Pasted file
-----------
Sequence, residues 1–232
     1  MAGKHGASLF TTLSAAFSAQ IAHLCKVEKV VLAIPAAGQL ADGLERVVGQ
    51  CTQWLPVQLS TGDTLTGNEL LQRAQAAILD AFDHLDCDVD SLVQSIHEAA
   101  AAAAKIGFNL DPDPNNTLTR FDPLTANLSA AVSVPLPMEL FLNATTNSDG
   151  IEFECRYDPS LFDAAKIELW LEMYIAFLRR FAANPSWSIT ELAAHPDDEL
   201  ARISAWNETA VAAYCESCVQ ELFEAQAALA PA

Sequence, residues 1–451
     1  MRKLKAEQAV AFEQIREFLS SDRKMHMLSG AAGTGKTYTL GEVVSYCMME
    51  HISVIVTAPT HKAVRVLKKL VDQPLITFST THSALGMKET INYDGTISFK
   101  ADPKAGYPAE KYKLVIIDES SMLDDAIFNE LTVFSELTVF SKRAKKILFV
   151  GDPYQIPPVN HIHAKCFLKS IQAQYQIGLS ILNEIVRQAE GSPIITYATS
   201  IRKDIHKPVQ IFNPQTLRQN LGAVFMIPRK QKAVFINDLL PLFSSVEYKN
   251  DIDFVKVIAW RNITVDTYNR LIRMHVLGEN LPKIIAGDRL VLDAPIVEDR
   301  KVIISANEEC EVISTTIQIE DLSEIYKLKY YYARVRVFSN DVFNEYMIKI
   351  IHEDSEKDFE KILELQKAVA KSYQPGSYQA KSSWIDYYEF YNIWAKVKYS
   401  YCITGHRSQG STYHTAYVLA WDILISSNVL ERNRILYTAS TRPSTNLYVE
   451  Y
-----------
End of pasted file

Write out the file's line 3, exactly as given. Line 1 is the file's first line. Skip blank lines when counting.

    51  CTQWLPVQLS TGDTLTGNEL LQRAQAAILD AFDHLDCDVD SLVQSIHEAA